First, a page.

- Worryingly, more than four in 10 employees are concerned about retaliation if they seek mental health care or take time off for their mental health. Younger workers are most concerned. Nearly six in 10 (59%) of employees 18 to 29 years old and 54% of employees 30 to 44 years old are somewhat or very concerned about retaliation or being fired if they take time off for mental health needs, compared to 39% of 45 to 64-year-olds. Black and Hispanic employees are somewhat more concerned about retaliation than are whites.
- Compared to last year, slightly fewer employees report their employer offers mental health benefits, including primary care with sufficient mental health coverage (28%, down from 34%), mental health days (14%, down from 18%) and on-site mental health care (12%, down from 16%). About one in seven employees reports their employer offers mental health apps, such as Calm or Headspace, or mental health training for supervisors and managers.
Working from Home
- Sixty percent of employees reported working at home at least a few days a month and nearly a third (32%) worked at home all the time (19% a few days a week; 9% a few days a month). While working from home has advantages and benefits, it also comes with drawbacks, including isolation and loneliness and difficulty getting away from work for personal time.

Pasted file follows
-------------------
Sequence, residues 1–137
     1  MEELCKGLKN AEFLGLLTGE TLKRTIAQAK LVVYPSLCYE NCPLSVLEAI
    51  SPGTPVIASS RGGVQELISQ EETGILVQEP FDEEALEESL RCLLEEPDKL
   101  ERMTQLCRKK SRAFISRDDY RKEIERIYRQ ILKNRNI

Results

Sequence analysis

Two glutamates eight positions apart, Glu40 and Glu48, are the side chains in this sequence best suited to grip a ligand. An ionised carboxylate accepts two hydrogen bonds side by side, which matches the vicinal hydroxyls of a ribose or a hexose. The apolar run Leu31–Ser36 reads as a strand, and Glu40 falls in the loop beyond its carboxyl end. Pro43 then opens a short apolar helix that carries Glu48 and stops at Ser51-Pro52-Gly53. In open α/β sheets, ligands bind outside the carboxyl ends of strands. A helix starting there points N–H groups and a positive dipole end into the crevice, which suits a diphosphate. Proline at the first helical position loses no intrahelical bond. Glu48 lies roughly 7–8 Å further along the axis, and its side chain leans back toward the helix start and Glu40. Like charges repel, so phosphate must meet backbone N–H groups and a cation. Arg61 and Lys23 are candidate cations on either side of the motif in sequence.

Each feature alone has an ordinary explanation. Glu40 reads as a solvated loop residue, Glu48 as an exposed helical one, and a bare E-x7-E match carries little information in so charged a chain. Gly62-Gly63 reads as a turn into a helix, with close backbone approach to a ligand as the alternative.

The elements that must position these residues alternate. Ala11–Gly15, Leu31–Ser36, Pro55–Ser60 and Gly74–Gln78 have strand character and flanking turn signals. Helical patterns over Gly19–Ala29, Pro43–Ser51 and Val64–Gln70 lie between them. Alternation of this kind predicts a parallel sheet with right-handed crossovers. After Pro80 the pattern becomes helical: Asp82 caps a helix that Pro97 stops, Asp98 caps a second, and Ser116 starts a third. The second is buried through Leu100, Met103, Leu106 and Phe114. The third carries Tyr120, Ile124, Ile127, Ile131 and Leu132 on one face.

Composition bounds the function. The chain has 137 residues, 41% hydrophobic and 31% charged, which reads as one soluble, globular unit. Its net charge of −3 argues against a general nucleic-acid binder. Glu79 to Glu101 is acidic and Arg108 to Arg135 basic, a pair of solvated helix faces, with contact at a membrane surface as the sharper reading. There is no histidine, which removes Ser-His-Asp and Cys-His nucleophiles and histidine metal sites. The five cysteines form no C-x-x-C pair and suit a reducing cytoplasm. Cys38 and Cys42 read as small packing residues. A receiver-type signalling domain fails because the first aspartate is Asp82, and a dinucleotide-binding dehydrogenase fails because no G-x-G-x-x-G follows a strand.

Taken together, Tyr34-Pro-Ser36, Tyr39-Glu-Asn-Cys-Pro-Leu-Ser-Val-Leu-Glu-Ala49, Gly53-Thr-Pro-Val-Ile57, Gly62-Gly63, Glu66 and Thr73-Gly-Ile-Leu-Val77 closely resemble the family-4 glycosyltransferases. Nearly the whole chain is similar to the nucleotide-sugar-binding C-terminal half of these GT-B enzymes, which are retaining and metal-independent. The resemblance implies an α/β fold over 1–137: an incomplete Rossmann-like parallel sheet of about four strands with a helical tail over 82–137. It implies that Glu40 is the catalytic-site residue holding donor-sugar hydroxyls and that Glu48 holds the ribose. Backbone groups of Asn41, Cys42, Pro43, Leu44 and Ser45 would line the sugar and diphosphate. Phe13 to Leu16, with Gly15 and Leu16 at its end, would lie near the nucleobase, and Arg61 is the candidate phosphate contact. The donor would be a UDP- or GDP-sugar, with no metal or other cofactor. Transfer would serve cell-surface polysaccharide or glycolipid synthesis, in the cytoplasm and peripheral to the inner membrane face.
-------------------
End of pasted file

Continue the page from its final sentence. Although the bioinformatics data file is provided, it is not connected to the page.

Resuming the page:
- Nearly two-thirds of people working from home feel isolated or lonely at least sometimes and 17% do all the time. More than two-thirds of employees who work from home at least part of the time report they have trouble getting away from work at the end of the day always (22%) or sometimes (45%). Younger adults (73% of 18 to 29-year-olds and 73% of 30 to 44-year-olds) were more likely to report feeling isolated or lonely working at home compared to older adults (48% of 45 to 64-year-olds).
More on the poll and workplace mental health
The full results of the poll are available here. The new findings come from an APA-sponsored online survey conducted March 26 - April 5, 2021, among a representative sample of 1,000 adults 18 years of age and older. The equivalent margin of error is +/-3.1 percentage points. Additional polling information from the 2021 poll is available here and information from polls in October 2020 and prior years are available here.
For organizations and businesses seeking help on supporting the mental health of their workforce, APA Foundation’s Center for Workplace Mental Health provides tools, resources and information, and has recently issued toolkits and webinars on COVID-19, remote work, and more. The Center recently released NOTICE. TALK. ACT.® at Work, an e-learning training for managers on supporting employees’ mental health needs.
American Psychiatric Association
The American Psychiatric Association, founded in 1844, is the oldest medical association in the country. The APA is also the largest psychiatric association in the world with more than 37,400 physician members specializing in the diagnosis, treatment, prevention and research of mental illnesses. APA’s vision is to ensure access to quality psychiatric diagnosis and treatment. For more information please visit www.psychiatry.org.